Text size

The behavior of those among the settlers dubbed "the hill youth" is reminiscent of the skinheads in Europe and the United States: They are loutish, violent and uninhibited brawl-mongers. The various groups of skinheads have all kinds of excuses for unloading their aggression - from racist ideology to frustration at a soccer game result - and in Israel of 2002, hundreds of knitted-skullcap-wearing punks do it for the love of the motherland.

The day before yesterday, the young louts returned to Havat Gilad to prevent the final stages of its removal and to foil the state authorities' decision. Two days prior, they had unleashed their rage indiscriminately on anyone they caught sight of: Palestinians harvesting olives, policemen, soldiers, journalists.

This young rabble has succeeded in imposing its will: The security forces don't dare confront it, the heads of the Yesha Council of Jewish settlements are unable to call it to order, and it does not listen to the rabbis. At the same time, the wanton boisterousness of these thugs is becoming the spearhead of the current protest, determining both its character and results. The bullying and forceful nature of their behavior is sweeping others to follow in their footsteps.

The Yesha Council claims it is helpless when it comes to coping with these skinheads. It sees them as weeds which have grown out of its control - or which arrived from outside the settlements - and so denies responsibility to call them to order. Yesha leaders see these hooligans as juvenile delinquents that the state institutions must take care of. Some settler leaders say they are ashamed to be identified with the group these thugs are part of. Others say these gangs represent a definite stream among the settlers - youngsters who see settling the country above all and believe that, for this end, it is justified to use violence, spurn the law and even rebel against the rabbis.

The damage caused by "the hill youth" is evident not only in protest actions such as those at the end of the week but also in the despicable harassment of innocent Palestinians and the violent attacks on the merchants of the Hebron market. And one day, possibly, there may arise a need to investigate whether some of them have been involved in the random murders of Palestinians over the past months, which remain unsolved.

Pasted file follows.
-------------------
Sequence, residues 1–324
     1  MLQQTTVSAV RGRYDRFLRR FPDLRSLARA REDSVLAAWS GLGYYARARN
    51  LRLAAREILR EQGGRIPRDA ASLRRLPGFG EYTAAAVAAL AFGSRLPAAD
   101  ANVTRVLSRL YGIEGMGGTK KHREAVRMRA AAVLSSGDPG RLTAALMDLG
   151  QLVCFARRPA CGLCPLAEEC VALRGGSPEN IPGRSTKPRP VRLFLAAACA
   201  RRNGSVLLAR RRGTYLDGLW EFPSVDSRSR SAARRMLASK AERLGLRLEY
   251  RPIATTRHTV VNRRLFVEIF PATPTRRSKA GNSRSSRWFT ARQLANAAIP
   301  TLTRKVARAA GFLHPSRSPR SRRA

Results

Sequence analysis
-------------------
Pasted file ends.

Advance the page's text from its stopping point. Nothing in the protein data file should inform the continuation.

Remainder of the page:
The Yesha Council is not exempt from responsibility for these youngsters' transgressions. Indeed their conduct has a universal element of violence for its own sake, but whoever claims that that has nothing to do with the environment in which it is demonstrated is being naive. The boys who ran around Havat Gilad last week are not just a bunch of individuals driven by personal emotional distress to beat up people they do not know, to vandalize property, to show contempt to the representatives of the state authorities; they are also the products of a society which has placed bullying at the center of its existence and forced its will on the entire State of Israel.

From its beginning, the settlement project in the territories was a derivative of the violent approach of a minority dictating its world view to the majority. The first settlements were built initially against the government's will, as a result of rowdy demonstrations. This pattern of behavior has continued to this day: One by one the governments of Israel have folded in the face of the settlers' violence and granted validation to their settlement initiatives, against their will.

"The hill youth" is sprouting up in a climate in which the settler leaders are not cooperating with the law enforcement authorities to indict the violators of public order. Their rabbis recommend they disobey orders to take down settlements, and the prevailing ideological code regards the halakha, not the laws of the state, as the binding command. Yesha leaders are therefore acting with hypocrisy and false piety when they try to wash their hands of these punks.